Is Don’t Talk to Strangers Still Good Advice?

Is Don’t Talk to Strangers Still Good Advice?

The National Crime Prevention Council’s Don’t Talk to Strangers campaign used to be a mainstay of parenting. Teaching children about “Stranger Danger” was considered a great way to keep them safe. To this very day, many parents will remember these iconic ads with the kid-friendly character McGruff the Crime Dog: 

First of all, let’s take a moment to realize that McGruff was much harsher than a lot of us probably remember. Now, the message of the Stranger Danger campaigns obviously came from a good place. But is “Don’t Talk to Strangers” still the best advice for children?

At Child Safety Store, we care about keeping children safe. Most of the time, we focus on preventing accidental injuries, such as falling or tipping TVs. But today, let’s take a look at the relevance of “Stranger Danger” in our current society.

The Problems With “Don’t Talk to Strangers” 

The message of these ads was usually quite simple. They aimed to prevent kids from finding themselves in a menacing scenario, such getting into a stranger’s car. These tragic events do occur, but simply teaching kids not to talk to strangers really limits the scope of their protection. Stranger Danger also ignores the very real threat of an abductor that the child already knows. It’s true: in most child abduction scenarios, kids are taken by a person that isn’t a stranger. This can include neighbors, trusted friends or even family members.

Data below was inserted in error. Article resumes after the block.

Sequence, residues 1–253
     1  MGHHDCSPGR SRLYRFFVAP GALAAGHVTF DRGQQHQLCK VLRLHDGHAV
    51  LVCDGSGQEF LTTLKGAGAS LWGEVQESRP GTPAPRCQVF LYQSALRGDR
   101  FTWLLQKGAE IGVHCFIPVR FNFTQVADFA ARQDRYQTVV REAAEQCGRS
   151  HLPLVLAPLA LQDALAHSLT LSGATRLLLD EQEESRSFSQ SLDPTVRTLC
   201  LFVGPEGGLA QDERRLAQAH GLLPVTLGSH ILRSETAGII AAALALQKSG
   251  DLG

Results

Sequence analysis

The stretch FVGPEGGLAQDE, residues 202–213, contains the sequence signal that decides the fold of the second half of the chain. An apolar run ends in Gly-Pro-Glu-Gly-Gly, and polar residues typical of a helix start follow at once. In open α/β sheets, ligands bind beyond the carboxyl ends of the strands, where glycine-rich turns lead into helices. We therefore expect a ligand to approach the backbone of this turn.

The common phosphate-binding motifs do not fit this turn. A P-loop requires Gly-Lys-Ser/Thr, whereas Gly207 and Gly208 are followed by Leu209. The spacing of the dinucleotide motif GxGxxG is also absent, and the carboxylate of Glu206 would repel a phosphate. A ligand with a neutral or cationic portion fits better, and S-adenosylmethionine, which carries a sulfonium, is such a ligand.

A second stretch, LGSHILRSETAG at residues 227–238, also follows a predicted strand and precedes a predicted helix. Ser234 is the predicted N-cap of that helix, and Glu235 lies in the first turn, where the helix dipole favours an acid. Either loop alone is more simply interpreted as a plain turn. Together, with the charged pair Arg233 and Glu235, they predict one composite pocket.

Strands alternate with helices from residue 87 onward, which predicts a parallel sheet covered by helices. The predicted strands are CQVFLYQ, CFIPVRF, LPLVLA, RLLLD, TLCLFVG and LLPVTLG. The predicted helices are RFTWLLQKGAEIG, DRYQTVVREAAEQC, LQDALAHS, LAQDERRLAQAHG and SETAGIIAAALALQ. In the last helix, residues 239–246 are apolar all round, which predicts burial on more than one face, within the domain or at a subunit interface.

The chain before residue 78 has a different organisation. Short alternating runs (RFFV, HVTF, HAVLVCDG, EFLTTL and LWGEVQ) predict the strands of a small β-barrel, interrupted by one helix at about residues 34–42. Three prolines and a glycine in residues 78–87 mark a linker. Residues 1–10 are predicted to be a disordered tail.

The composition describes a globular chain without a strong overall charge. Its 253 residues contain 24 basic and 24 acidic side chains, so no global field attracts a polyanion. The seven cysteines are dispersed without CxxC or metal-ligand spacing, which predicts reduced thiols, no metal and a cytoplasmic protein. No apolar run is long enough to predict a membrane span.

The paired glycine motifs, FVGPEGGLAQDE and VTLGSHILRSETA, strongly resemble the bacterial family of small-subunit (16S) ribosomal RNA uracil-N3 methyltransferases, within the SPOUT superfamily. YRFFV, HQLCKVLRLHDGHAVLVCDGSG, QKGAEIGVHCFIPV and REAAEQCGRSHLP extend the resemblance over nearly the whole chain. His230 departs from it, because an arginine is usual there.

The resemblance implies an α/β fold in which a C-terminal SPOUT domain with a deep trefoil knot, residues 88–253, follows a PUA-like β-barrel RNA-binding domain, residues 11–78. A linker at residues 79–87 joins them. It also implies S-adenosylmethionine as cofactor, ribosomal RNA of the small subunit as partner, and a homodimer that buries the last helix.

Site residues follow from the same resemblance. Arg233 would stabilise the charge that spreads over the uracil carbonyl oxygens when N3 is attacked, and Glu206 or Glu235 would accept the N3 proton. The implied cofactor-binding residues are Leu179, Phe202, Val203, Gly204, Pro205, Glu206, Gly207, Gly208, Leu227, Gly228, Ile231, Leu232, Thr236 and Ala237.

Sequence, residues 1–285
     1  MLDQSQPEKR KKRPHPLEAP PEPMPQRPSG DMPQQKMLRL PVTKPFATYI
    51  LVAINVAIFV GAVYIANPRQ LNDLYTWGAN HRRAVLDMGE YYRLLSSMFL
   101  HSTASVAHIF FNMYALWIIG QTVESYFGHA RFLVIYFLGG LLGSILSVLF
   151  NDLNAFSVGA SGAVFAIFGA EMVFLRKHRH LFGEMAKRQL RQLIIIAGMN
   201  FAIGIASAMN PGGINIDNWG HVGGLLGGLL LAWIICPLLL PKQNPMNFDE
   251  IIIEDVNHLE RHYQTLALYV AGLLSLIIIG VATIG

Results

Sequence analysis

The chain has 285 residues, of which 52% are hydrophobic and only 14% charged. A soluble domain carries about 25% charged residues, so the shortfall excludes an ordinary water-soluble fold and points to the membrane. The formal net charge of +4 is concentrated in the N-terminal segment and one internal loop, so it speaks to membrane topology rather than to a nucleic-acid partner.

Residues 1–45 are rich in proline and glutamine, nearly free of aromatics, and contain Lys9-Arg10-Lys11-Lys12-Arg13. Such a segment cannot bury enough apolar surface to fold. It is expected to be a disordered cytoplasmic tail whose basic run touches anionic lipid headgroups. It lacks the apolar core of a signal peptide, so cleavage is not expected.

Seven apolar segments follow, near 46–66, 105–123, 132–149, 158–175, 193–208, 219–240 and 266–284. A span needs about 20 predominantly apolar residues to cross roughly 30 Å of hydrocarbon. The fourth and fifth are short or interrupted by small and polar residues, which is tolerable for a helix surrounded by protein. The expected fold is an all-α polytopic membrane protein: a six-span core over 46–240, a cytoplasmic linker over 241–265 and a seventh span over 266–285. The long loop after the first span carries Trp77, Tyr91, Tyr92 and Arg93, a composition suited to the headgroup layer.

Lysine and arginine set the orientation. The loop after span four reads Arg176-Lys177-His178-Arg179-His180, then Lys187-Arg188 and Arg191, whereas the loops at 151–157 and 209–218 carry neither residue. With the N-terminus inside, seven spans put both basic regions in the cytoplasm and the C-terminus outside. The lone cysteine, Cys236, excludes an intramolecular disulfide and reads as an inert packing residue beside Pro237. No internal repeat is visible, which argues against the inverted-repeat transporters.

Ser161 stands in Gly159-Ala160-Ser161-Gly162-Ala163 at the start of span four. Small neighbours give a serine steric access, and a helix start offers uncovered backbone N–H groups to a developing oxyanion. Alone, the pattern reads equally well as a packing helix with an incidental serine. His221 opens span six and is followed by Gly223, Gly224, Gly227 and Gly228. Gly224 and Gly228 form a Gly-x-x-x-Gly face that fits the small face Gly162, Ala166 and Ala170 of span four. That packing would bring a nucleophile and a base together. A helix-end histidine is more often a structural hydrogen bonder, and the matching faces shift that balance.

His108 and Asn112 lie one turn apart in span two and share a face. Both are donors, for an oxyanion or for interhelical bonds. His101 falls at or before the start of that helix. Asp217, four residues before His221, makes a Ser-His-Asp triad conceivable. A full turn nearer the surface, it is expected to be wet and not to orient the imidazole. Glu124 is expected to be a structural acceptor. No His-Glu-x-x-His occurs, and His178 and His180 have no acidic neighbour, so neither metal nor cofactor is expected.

It Ignores GOOD Strangers Who Can Help

A major hitch in the Stranger Danger plan is that it only teaches children what not to do. This is not an actionable plan. Sure, sometimes simply saying “no” and walking away can diffuse a situation… but what if it doesn’t? A child who is in an unfamiliar space needs to know who they can reach out to for assistance.

Ideally, kids will learn to ask for help from “trustworthy” strangers such as police officers. All of this can be confusing for children. The best advice is to change the way we discuss Stranger Danger. Specifically, this means that we should consider altering the language we use.

Instead of presenting specific scenarios that may or may not occur, teach your child to identify potentially dangerous situations. Above all, you’re looking to build those self-preservation instincts. When something feels “not right,” they should know to get out of the situation quickly and tell an authority figure. Once they find a trusted adult, it’s important for them to simply state the basic facts and not get caught up in their emotions.

What Should You Teach Instead? 

To further illustrate important changes to the Don’t Talk to Strangers method, be sure to check out Kidsmartz.org. Kidsmartz is a program that is presented by the National Center for Missing & Exploited Children.

 According to the official Kidsmartz website, parents should try using the following language when talking to their children about abduction prevention:

  • Don’t say: Never talk to strangers.
  • Say: You should not approach just anyone. If you need help, look for a uniformed police officer, a store clerk with a nametag, or a parent with children.

  • Don’t say: Stay away from people you don’t know.
  • Say: It’s important for you to get my permission before going anywhere with anyone.

  • Don't say: You can tell that someone is bad just by looking at them.
  • Say: Pay attention to what people do. Tell me right away if anyone asks you to keep a secret, makes you feel uncomfortable, or tries to get you to go somewhere with them.

Obviously, talking to your children about safety issues such as these is a complicated issue. Keeping children safe requires constant attention to detail. The advice above is a great, more contemporary, place to start.  For further information, take a look at KidSmartz’s full list of Parent Tips.

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